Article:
Sir Peter Tapsell (Louth and Horncastle) (Con): Is the hon. Lady aware that although the Louth and Horncastle constituency is not an area of deprivation, it is seriously deprived of dentists? There is not a single NHS dentist in my constituency who is prepared to accept a new patient on his list, and as many elderly people constantly move into my constituency to retire that is creating a real crisis.

Ms Winterton: I am aware of the problems that the hon. Gentleman has outlined. Indeed, I visited the area a few months ago. We are asking each PCT, through the strategic health authority, to produce plans to increase the provision of NHS dentistry. As I said, we have backed that up with £59 million of investment to tackle severe access problems. I know that plans are being drawn up in his area and that international recruitment
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is also being considered to ease some of the problems. I suggest that the hon. Gentleman contact his PCT to ask for the plans and to ask about the additional resources that it will have been allocated to deal with the current access problems.

Mrs. Joan Humble (Blackpool, North and Fleetwood) (Lab): Further to that reply, is my hon. Friend aware of the exciting and innovative plans that Blackpool PCT has recently announced to recruit more dentists? What advice and support can she give the PCT to ensure that those plans come to fruition?

Ms Winterton: I am certainly aware of the plans proposed by Blackpool PCT. We have already allocated £192,000 to the PCT in my hon. Friend's constituency to ease the problems there. The PCT is considering not only bursary schemes for new students, but making funding available to dentists to expand their premises, for example, or to buy new equipment. It has set up a very good helpline locally to ensure that people have proper information about what is available. Already, that has meant that 4,000 new registrations are available to local people. We will continue to do all that we can to assist her local PCT, and if we can give assistance in terms of international recruitment, we will certainly do so.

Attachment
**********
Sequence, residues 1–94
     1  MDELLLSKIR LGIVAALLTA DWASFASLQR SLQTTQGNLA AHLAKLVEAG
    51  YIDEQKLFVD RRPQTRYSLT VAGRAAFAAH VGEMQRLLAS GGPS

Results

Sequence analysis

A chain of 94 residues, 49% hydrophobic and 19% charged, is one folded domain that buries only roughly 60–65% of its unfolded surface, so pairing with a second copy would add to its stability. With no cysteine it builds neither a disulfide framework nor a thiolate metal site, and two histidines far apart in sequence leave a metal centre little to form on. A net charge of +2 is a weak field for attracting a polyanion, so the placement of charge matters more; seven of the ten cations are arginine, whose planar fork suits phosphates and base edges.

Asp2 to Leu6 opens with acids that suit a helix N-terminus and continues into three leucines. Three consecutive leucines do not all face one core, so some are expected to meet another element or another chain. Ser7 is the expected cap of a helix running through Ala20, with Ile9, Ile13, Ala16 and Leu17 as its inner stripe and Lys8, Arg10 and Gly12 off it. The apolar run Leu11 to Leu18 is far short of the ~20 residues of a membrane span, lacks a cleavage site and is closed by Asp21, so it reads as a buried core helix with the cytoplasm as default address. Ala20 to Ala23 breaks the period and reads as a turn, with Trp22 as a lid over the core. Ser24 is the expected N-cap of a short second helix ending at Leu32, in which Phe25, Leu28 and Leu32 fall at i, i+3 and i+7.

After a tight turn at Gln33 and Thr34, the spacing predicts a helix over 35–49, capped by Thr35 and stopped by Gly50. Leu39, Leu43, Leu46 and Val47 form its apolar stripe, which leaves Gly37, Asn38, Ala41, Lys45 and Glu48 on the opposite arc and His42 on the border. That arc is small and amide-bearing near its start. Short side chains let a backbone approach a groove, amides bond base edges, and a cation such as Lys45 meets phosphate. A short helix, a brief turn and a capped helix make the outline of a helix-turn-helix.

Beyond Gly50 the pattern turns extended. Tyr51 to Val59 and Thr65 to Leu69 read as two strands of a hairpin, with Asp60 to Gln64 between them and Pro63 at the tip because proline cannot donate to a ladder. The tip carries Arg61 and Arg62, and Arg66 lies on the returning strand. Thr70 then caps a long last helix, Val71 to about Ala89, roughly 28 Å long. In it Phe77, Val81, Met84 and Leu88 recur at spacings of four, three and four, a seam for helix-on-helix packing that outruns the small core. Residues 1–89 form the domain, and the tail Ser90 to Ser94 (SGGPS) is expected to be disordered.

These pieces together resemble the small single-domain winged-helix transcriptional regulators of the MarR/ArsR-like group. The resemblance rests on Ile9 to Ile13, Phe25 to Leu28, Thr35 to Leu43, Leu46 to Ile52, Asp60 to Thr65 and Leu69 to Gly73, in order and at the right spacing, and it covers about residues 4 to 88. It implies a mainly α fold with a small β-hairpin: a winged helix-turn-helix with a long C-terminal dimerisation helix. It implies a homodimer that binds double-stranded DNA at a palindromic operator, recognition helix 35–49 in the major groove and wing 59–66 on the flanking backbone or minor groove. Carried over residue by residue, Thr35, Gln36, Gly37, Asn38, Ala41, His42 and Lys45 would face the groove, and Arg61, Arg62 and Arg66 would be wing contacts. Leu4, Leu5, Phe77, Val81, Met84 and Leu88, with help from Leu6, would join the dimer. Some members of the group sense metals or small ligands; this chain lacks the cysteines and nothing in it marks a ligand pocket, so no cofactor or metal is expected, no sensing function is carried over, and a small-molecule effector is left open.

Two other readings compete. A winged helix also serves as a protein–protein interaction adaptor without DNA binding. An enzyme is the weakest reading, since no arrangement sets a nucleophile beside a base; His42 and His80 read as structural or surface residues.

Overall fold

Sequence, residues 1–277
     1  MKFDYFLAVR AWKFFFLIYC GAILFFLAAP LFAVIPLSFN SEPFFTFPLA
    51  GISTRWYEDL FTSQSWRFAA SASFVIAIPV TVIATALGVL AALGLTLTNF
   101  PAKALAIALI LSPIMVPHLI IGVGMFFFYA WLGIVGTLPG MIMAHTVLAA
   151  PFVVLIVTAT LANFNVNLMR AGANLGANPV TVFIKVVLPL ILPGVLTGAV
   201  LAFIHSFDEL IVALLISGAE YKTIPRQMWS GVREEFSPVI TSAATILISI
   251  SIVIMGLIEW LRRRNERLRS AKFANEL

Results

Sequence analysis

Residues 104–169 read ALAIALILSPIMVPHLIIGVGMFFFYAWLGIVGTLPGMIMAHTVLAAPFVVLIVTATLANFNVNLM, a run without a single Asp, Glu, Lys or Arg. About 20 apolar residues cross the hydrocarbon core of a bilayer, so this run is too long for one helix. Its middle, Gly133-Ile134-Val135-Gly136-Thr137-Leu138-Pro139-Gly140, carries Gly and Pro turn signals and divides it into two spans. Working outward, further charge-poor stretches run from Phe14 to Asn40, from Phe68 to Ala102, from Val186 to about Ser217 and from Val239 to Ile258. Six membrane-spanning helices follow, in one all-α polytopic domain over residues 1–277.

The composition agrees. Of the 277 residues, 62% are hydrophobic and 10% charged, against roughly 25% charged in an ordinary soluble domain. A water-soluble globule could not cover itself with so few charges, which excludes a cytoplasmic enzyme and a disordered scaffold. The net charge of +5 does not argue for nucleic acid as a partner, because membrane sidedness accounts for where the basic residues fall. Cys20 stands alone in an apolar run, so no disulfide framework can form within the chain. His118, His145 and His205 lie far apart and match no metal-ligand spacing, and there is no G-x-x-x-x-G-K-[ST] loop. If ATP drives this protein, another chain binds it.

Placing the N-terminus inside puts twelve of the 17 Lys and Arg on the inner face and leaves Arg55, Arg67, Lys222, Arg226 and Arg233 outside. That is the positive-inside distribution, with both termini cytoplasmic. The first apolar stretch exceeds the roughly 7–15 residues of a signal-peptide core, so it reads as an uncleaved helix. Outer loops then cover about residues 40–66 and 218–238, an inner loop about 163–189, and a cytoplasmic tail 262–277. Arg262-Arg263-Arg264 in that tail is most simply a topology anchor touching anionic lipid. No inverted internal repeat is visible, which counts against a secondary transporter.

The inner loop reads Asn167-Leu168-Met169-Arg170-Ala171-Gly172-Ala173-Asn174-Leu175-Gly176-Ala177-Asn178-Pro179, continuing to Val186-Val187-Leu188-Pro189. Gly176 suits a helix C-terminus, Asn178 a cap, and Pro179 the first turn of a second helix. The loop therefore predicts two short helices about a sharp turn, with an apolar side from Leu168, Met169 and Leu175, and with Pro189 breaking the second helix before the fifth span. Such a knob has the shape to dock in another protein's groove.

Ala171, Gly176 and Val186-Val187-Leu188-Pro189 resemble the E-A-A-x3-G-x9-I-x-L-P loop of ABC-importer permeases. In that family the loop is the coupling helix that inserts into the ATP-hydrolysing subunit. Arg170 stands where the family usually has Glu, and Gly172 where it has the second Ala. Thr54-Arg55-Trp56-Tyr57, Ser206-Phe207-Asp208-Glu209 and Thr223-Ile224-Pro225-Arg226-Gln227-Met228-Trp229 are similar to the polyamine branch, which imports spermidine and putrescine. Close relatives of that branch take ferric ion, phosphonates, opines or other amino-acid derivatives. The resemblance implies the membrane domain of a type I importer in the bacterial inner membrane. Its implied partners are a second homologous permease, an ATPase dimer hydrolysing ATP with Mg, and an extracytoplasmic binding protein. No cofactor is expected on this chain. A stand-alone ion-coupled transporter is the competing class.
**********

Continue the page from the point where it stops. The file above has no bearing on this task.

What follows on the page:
Mr. Andrew Lansley (South Cambridgeshire) (Con): When the Minister was replying to the hon. Member for Great Yarmouth (Mr. Wright), she neglected to tell him about the situation in Great Yarmouth—there are fewer dentists today than in 1997, 10 per cent. less of the adult population is registered with an NHS dentist, and if people who live in Great Yarmouth wish to register with an NHS dentist they must go to Lowestoft to do so. Will the hon. Lady simply tell the House whether, when the Prime Minister said in 1999 that within two years everyone would be able to see an NHS dentist, he meant that, five and a half years on, 39 per cent. of the British public would be registered with an NHS dentist? Dentistry is simply disappearing throughout the country, as we are hearing from hon. Members.

Ms Winterton: It is bit rich of the hon. Gentleman to wash his hands of responsibility. The Conservative party closed two dental schools and introduced the deeply unpopular contract in the 1990s that led to dentists walking away from the NHS. We are trying to reform the system of dentistry and we are backing that up with extra investment. I am very well aware of the problems that my hon. Friend's constituency has faced. That is exactly why we have taken the measures that we proposed and exactly why those involved are now looking to recruit 14 new dentists for his constituency.

We will take no lecture from the Opposition about NHS dentistry. We are trying to clear up the mess that they left behind, and we are making good progress in doing so. There is further to go, but we have made clear commitments through extra investment, local access plans and ensuring that there will be local commissioning of NHS dentistry in future.